What Languages Are Spoken in Thailand?

By Amber Pariona on August 13 2018 in Society

A Thai language newspaper.
A Thai language newspaper.

Official Language of Thailand

Thailand is located in Southeast Asia, in the central region of the Indochinese peninsula. The country shares borders with Cambodia, Laos, Myanmar, and Malaysia. Thailand has a population size of approximately 66 million, which consists of a number of diverse ethnic groups. Thai is the country's official language and is spoken by the majority of these individuals.

The Thai language, sometimes referred to as the Siamese language, belongs to the Tai-Kadai language family. Linguists have determined that the language originated from several languages: Sanskrit, Old Khmer, and Pali. It sounds similar to Lao when spoken.

Roughly 30% of Thailand's population speak Thai as a native language. According to linguists, this language is divided into several different languages, although native Thai speakers consider these other languages to be regional. These diverse Thai languages include: Phu Thai, Shan, Song, Isan, Southern Thai, Nyaw, Northern Thai, Phuan, and Lu. Some of these are considered minority languages of the country.

Minority Languages of Thailand

A number of minority languages are also spoken in Thailand, including Yawi, Teochew, and Lao. Of these, Lao is the most widely spoken and considered a dialect of the Isan language. The Lao language, also known as Laotian, is spoken primarily in the northeastern region of the country.

The majority of Malay Muslims in Thailand speak Yawi, which is a dialect of Malay. This dialect is also used as the language of business and commerce in rural southern areas. Although considered a dialect, it has been isolated from other Malay languages for so long that the two are not easily understood by their speakers. The area in which Yawi is spoken is separated by the South China Sea, mountains, and the rainforest.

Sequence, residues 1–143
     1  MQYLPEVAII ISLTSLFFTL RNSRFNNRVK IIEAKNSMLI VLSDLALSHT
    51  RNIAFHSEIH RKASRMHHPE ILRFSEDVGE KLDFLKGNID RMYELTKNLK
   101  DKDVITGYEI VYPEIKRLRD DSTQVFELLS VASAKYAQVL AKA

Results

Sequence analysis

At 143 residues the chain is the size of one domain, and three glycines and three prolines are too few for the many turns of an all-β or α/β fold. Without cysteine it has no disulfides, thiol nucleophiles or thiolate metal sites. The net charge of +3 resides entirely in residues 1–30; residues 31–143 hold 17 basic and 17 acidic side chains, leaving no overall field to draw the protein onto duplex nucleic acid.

The Teochew language is actually considered a dialect of the Chinese Minnan language. This language is rooted in Old Chinese and continues to use some of its vocabulary and pronunciation.

Indigenous Languages of Thailand

The indigenous languages of Thailand belong to 5 language families, including Austronesian, Hmong-Mien, Thai, Mon-Khmer, and Sino-Tibetan. Urak Lawoi and Moken belong to the Austronesian language family. The Moken language is spoken by the Moken people who live throughout the Mergui Archipelago, which shared between Thailand and Burma. It has approximately 8,000 native speakers.

The Hmong language belongs to the Hmong-Mien language family. It is spoken by the Hmong people, who have migrated to Thailand over the last few hundred years. Approximately 3.7 million individuals speak Hmong as a native language, although these individuals are spread out across several countries.

Saek, Nyaw, Yoy, and Phu Thai all belong to the Thai language family. Of these, Phu Thai is the most widely spoken, with approximately 870,000 native speakers in Thailand, Vietnam, and Laos. In 1993, Thailand reported 156,000 Phu Thai speakers.

The Mon-Khmer language family has the greatest number of indigenous languages in Thailand, with 5 different languages: Khmer, Mlabri, Orang Asli, Mon, and Lawa. Of these, Khmer is the most widely spoken, and has around 16 million speakers in Cambodia, Thailand, and Vietnam.

Akhan and Karen are the two Sino-Tibetan languages spoken in Thailand. The Akha language is spoken in northern Thailand by the Akha people. Most of these individuals live in remote and mountainous regions.

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